As I mentioned earlier, they were two different tests. The workers’ compensation exam tested things I worked on every day at work. The appellate practice exam tested things I worked on most days, but not daily, and things I’ve never seen in my practice. I expected it to test issues unique to appellate practice, as opposed to the run-of-the-mill issues that I did every week in my own cases. This required a different preparation than my approach to the workers’ compensation exam.
Q: Tell me your biggest success story related to your workers’ compensation or appellate law practice.
Every new client is the biggest honor. I don’t advertise like many of my friends in the plaintiffs’ bar do. Instead, all of my clients come to me by word of mouth. When someone calls or reaches out to me for help in their case, even if it’s a case I decide not to get involved in or one that’s outside my wheelhouse, I realize that this person is calling because a friend or family member told them about me and they thought I could help.
That means I made someone happy with the help I gave them, and they thought highly enough about it to tell another person to come to me. That’s the biggest “thank you” a trial lawyer can get because it validates my efforts to walk them through some of the toughest times of their lives.
Q: What career accomplishment makes you most proud?
This past year I served as president of the North Carolina Advocates for Justice. It’s an honor to lead my colleagues whom I’ve looked up to since I was a baby lawyer, just taking my first steps in our profession. It’s given me the chance to meet a lot of great people. It also encourages me about the future of trial lawyers, because we have so much talent here in North Carolina and so much to offer to improve safety in our community.
Q: What piece of art (book, music, movie, etc.) most influenced who you are today?
A college friend, who is a well-known drummer in a band you would recognize, asked me what being a lawyer was like the last time we had dinner. “It’s like being a musician,” I said. “Same science. Different art.”
One of my college majors was music. For a while, it was studio music and jazz, until I changed from performance to a more academic tract. My music education taught me more about trial lawyering than law school did. No matter if it’s how to improvise on your feet, the importance of getting along with everyone, the value of brushing up your chops until you can play something effortlessly, the truth of “just keep playing,” the bottom line is that it’s just another performance. Professional performers study, train, and rehearse to perfect their skills. Trial lawyers do the same thing. It’s all the same.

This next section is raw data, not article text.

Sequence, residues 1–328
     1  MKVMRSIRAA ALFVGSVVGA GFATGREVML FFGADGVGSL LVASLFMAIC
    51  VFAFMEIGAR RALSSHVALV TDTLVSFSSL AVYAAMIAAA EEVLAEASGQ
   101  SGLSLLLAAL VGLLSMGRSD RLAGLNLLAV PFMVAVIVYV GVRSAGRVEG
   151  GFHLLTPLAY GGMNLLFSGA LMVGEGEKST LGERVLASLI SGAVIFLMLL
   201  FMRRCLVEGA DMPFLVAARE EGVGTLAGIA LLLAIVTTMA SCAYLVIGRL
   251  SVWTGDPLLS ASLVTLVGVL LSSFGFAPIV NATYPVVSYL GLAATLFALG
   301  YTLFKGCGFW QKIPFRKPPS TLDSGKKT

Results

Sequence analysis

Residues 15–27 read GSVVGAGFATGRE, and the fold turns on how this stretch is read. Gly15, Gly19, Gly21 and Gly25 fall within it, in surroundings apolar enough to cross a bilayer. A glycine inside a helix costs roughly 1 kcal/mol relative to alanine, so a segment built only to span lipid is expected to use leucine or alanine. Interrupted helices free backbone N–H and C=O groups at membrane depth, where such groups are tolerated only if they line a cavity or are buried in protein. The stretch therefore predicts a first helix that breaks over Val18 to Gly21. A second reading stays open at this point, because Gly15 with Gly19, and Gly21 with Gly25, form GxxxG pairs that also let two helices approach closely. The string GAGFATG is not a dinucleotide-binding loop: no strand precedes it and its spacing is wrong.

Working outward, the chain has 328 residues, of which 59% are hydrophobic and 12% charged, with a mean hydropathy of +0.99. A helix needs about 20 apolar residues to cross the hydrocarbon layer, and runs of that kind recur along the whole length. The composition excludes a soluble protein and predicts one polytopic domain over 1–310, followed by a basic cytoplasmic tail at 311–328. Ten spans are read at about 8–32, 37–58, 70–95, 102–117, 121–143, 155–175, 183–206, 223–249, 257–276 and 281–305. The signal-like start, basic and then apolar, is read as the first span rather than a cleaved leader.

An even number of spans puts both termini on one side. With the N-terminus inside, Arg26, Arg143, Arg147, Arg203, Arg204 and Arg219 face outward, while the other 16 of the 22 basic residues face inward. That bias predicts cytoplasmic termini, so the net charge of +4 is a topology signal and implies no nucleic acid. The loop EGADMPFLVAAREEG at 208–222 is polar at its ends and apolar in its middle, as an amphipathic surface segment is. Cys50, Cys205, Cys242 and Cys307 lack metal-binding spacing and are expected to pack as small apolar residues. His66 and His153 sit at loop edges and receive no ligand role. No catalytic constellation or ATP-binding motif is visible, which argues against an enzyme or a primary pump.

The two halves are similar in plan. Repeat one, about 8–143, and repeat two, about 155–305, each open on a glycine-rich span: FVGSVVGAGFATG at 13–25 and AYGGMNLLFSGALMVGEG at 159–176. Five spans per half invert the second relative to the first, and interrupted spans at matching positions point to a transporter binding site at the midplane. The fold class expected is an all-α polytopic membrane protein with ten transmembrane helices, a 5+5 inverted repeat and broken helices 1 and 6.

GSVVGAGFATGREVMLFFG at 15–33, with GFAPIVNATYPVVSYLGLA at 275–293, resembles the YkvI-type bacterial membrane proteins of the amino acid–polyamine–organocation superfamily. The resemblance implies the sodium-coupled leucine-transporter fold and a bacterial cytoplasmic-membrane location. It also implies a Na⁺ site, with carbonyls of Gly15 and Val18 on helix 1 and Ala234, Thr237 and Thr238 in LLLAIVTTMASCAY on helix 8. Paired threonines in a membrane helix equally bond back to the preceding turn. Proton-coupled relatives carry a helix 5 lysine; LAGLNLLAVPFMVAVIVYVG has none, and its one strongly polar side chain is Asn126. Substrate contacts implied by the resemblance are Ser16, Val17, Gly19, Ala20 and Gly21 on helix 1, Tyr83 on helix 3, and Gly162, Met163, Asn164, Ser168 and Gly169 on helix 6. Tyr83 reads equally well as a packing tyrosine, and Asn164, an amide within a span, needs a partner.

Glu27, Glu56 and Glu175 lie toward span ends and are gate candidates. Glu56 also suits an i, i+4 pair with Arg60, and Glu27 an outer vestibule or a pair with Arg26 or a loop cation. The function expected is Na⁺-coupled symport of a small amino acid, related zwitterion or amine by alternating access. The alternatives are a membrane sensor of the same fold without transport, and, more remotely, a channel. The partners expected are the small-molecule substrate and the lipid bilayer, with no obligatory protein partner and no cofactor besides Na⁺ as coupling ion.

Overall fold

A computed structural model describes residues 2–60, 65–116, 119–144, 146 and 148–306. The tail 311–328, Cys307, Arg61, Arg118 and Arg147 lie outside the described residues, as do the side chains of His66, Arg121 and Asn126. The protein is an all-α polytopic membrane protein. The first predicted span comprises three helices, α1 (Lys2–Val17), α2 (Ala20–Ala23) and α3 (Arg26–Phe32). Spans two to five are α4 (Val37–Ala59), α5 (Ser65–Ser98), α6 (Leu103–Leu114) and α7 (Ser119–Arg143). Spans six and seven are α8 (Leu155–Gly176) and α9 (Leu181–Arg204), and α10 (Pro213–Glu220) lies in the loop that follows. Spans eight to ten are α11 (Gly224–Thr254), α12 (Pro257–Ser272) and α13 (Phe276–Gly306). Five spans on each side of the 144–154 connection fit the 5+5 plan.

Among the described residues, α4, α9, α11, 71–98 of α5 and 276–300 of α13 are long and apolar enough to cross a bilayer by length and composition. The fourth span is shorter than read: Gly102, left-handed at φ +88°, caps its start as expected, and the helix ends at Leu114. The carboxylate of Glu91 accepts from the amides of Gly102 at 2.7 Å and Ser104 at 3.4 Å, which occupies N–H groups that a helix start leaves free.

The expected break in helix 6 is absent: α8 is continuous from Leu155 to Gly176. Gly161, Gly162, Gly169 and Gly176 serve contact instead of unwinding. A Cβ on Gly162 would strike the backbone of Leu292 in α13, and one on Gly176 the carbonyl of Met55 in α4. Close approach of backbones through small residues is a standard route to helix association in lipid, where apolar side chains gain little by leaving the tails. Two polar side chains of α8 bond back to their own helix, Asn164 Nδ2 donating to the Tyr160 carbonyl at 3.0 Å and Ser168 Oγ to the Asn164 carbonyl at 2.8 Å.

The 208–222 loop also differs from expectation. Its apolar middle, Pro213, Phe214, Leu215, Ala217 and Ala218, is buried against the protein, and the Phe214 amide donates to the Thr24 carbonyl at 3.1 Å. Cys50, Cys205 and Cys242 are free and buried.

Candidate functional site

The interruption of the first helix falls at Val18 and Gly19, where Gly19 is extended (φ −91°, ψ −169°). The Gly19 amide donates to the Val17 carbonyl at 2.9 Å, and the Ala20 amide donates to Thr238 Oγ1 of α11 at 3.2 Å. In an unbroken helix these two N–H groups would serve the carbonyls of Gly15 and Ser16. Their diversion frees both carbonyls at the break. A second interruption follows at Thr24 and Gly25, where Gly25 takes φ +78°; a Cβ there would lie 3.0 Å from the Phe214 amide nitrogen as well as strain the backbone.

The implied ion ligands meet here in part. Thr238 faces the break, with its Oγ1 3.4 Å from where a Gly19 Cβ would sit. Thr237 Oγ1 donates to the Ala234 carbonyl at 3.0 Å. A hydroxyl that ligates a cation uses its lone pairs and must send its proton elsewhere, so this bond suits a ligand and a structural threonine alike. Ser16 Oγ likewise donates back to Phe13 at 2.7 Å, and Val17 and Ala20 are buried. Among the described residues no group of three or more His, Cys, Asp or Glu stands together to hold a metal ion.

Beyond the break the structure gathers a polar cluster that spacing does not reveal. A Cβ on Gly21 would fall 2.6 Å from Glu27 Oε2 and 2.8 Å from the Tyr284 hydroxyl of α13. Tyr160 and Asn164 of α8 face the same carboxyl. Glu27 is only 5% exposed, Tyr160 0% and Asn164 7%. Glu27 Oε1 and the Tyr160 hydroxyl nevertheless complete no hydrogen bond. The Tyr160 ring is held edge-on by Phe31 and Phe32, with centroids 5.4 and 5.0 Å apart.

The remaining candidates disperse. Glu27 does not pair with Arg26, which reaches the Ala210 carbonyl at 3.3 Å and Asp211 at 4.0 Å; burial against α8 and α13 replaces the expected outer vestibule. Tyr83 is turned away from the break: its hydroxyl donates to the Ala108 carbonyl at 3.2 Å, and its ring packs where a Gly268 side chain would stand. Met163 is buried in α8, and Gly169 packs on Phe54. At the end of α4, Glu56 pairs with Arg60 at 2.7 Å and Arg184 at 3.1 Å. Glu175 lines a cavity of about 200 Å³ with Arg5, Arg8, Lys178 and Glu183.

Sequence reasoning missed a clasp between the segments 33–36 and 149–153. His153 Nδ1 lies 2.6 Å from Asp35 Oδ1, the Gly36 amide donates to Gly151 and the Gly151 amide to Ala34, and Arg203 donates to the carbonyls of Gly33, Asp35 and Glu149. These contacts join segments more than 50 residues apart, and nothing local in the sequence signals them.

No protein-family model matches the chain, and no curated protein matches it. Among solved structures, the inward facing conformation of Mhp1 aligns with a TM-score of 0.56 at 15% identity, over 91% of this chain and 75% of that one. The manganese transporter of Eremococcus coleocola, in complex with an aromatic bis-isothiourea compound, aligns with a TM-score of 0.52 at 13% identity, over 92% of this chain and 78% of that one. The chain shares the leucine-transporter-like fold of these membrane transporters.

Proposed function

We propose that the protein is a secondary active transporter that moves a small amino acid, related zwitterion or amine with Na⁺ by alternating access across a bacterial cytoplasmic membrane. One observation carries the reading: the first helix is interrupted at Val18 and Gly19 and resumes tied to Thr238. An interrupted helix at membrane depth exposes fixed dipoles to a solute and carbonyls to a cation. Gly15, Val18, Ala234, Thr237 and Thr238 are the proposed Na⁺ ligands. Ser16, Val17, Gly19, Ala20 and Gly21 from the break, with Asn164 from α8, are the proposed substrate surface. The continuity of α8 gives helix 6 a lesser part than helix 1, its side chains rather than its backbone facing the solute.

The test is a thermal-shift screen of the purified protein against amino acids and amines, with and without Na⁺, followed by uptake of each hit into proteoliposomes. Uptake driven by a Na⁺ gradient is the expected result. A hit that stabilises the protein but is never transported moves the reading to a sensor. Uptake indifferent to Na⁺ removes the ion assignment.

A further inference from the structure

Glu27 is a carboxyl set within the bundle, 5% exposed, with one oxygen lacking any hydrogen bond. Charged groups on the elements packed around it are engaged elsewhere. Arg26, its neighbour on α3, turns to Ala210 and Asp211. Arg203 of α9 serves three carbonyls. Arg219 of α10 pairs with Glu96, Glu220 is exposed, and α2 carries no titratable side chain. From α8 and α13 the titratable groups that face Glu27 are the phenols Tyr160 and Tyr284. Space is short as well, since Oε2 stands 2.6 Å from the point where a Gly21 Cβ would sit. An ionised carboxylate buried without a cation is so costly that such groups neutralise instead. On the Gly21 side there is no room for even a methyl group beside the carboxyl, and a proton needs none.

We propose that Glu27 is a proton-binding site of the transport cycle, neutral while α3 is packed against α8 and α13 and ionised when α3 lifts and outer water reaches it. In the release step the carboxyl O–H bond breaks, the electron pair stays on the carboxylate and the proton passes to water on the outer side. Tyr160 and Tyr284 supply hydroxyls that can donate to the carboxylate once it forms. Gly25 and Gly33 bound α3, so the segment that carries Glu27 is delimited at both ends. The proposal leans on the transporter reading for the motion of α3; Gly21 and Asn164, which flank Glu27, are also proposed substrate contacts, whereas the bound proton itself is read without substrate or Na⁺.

So, there’s not a single piece I can point to as an influence. Rather, the whole experience of music makes me who I am.
Q: What is the single best piece of advice you ever received?
Do not be afraid of who you are.
Q: Who is your hero and why?
My wife, Christa, is my favorite person on Earth. I wish I could be more like her.
We met in the same small section our first year of law school and, somehow, we survived those three years and she’s tolerated me for 25 years now. Christa is infinitely patient, kind, selfless, authentic—all the things I struggle to be. All the qualities that great lawyers have, she’s got. Christa treasures experiences over things, and inspires me, as a parent of three active kids—yes, we play zone defense now—to bring our “A game” every day and every time. Last year she finished her first full Ironman competition after doing a dozen of the half ones, and she keeps challenging herself. She’s always doing things for other people. I still don’t know how she does it all and stays so balanced and inspirational.
Oh, and did I mention she’s a great lawyer, too? She’s got well over 125 jury trials under her belt.
One day, I’ll be able to make it all look easy. Until then, she’s the bomb.
Q: Has certification been helpful to your practice?
Yes. Certification validates our experience and knowledge in the areas in which we practice. More now than ever, potential clients are comparing us and our qualifications online, because the information is public and available. Certification is high on their list. Certification also signals to our professional colleagues—at least the ones we haven’t met before—that we’re not “newer” kids on the block, that we’ve been around, and we know better ways of bringing closure for our clients. In the end, it’s all about better serving our communities and our clients, and certification pushes this forward.
Q: What would you say to encourage other lawyers to pursue certification?
Be yourself. Do it, but only if you love it. Study hard. Work hard. Prepare. Always prepare. And, best of luck!
For more information on board certification for lawyers, visit us online at nclawspecialists.gov.